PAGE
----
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Comment Oh yes, envy me... (Score 1) 558

Motherboard: ASUS F2A85-V PRO
Processor: AMD A10-5800K Trinity 3.8GHz FM2 Quad
Memory (part number): G.SKILL Ripjaws Z Series 4 x 8GB DDR3 1866
Display Chip: AMD A85X (Hudson D4) [Integrated graphics, not a gamer)
Display LCD: Monoprice 30" IPS CCFL Backlit LCD Panel
Hard Drive (System): SAMSUNG 840 Pro Series MZ-7PD256BW 2.5" 256GB SATA
Hard Drive (Storage): Hitachi HDS724040ALE640 (0S03355) 4TB
CPU Cooler: COOLER MASTER Hyper 212 CPU Fan
Case: Antec-300 PC Case
Power Supply: Rosewill FORTRESS-450w 80 Plus Platinum
UPS: CyberPower CP1500AVRLCD 1500VA
OS: Windows 7 (64-bit) Professional

Comment Re:WoW? (Score 2) 277

Most people back then didn't go to arcades and had never even heard of Pac-Man.

Pac-Man was ubiquitous because the video game craze extended well beyond the arcade. You could find them at movie theaters, liquor stores, pizza parlors, bowling alleys, kiosk space in the mall, even just past the checkout lanes at the grocery store. I don't know anyone who hadn't heard of Pac-Man by 1981.

Comment Re:Duh? (Score 1) 327

Depends, I'm still grandfathered under the "unlimited data" plan, so AT&T cannot legally cap the amount of data I am using.

Lucky for them (and for me?), I'm not one of the high bandwidth users who watch videos all day on my phone ... but if someday I need to use that much data off the 3G network, I did pay for it (have been for 2-3 years), and it should be readily available to me.

Comment Re:Seagate reliability (Score 1) 467

I have about a dozen 1.5TB Seagate 7200rpm drives purchased intermittently over the past ~2 years from ~4 different vendors. The most recent purchase was at the end of Nov 2009.

So far, no problems (knock on wood). They tend to run 24/7, but don't necessarily see that much disc activity (media server).

I did have one Seagate drive die on me, but I think it was a 750GB drive ... and that was a couple of years ago. I have at least 8 of those drives, plus four older 300gb drives ... all are off-line now, but they were working fine when they were in use.

Never tried the 5900rpm drives...

Comment Re:ISA slots (Score 1) 622

I also have a parallel-port EPROM burner that I use more frequently, the Xtronics Pocket Programmer ... however, it is not fully compatible with all of the older EPROM chips that I occasionally use.

At least their website is still active, and the latest Pocket Programmer runs off the USB port. Right now, I have no need for a $249.95 upgrade, but will keep it in mind.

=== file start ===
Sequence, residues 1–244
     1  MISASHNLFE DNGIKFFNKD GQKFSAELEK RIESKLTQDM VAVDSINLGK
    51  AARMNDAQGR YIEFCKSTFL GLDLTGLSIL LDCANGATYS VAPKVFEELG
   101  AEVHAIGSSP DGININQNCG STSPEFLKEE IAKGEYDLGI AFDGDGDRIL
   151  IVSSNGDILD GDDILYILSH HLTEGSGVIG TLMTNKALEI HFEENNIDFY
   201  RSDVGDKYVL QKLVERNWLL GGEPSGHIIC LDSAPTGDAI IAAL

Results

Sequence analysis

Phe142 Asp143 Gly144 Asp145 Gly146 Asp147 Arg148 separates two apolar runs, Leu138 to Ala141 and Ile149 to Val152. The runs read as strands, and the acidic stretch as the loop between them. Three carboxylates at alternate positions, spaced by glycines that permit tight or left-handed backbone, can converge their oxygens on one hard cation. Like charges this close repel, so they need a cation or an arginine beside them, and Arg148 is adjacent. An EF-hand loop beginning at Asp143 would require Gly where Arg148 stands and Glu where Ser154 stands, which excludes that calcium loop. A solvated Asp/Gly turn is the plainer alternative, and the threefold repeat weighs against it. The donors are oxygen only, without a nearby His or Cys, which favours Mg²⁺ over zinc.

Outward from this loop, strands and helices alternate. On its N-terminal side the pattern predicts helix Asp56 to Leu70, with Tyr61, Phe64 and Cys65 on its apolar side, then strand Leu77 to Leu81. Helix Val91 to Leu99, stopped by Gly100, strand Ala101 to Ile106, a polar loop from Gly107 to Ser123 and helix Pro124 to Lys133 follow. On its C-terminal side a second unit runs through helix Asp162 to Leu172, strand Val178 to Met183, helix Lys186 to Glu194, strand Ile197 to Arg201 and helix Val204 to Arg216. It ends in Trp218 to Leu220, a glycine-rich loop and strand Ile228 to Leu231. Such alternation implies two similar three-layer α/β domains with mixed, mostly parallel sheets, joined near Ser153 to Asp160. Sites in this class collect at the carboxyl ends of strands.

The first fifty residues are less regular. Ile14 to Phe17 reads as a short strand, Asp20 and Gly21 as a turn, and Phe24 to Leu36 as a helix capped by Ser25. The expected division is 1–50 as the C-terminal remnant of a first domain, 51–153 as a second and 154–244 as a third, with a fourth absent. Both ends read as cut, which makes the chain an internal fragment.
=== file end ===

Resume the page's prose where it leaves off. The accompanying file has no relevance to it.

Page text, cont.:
Do you have a link to your preferred USB-to-ISA product?

For the record, I did find that the PB-10 would not necessarily run on newer (faster) computers. Maybe some of the internal timing has changed?

Comment ISA slots (Score 1) 622

The oldest I have in service is a Cyrix 6x86 system running Windows 98 SE. I need it for the ISA slots so that I can run my *Needhams PB-10 EPROM burner.

* Since doesn't come up anymore, I wonder if they are even still in business. :-(

Comment Re:Last sentence is stupid (Score 2) 369

Not to defend them, but the summary indicates GB caps not MB. 100GB is alot harder to pull down in a month, not that I haven't managed to do it on a crappy DSL line, thus making it even more likely someone with a nice fat cable pipe could do it.

I can easily do 100gb in a week, now that all these 1080p MKV files are out there.

You know, ummm ... backups for my BluRay discs. :-)

Comment Re:It can be very easy. (Score 2, Informative) 333

What is your process? Everything I've tried so far makes file that is poor quality, usually audio/video sync problems. I've been trying to convert to .AVI or .MPG - I'm not familiar with mkv. It seems like the encoding programs have half a million settings to fiddle with, and after playing with it for a while, I gave up.

I'm on Windows 2000, using DVD-Shrink, VirtualDub (for DVDs) and DivX.

Insert your DVD and have DVD-Shrink assess it. Normally, I'm just interested in the main movie, so if you want menus and extras, you may have to do some of your own research here. Select "Re-Author" so DVD-Shrink will allow you to recompress the movie and shrink it to fit a certain target size ... but I prefer to keep the quality, so I leave it full size.

Now this is an important step. Edit-->Preferences-->Output Files. Uncheck the "Split VOB files into 1GB size chunks". This way you'll get one huge VOB file, instead of several smaller ones. Run the utility, you'll get a bunch of miscellaneous DVD files, in addition to your VOB. The VOB is the only one you are interested in.

Find a copy of VirtualDub that can read a VOB file. Normally, a VOB is some sort of non-standard MPEG2 file, which will result in a synchronization/pack error (or something similar). This version of VirtualDub can read it like any other file. Select DivX as your compression scheme, configure your bitrate for whatever size/quality you desire, then save as an AVI. Done!

For those who like ripping television shows, each title should show up as a separate VOB file. This means every episode is ultimately stored as a separate AVI file. No menus, no commercials, no FBI warnings ... just the content!

It is easier to change the specification to fit the program than vice versa.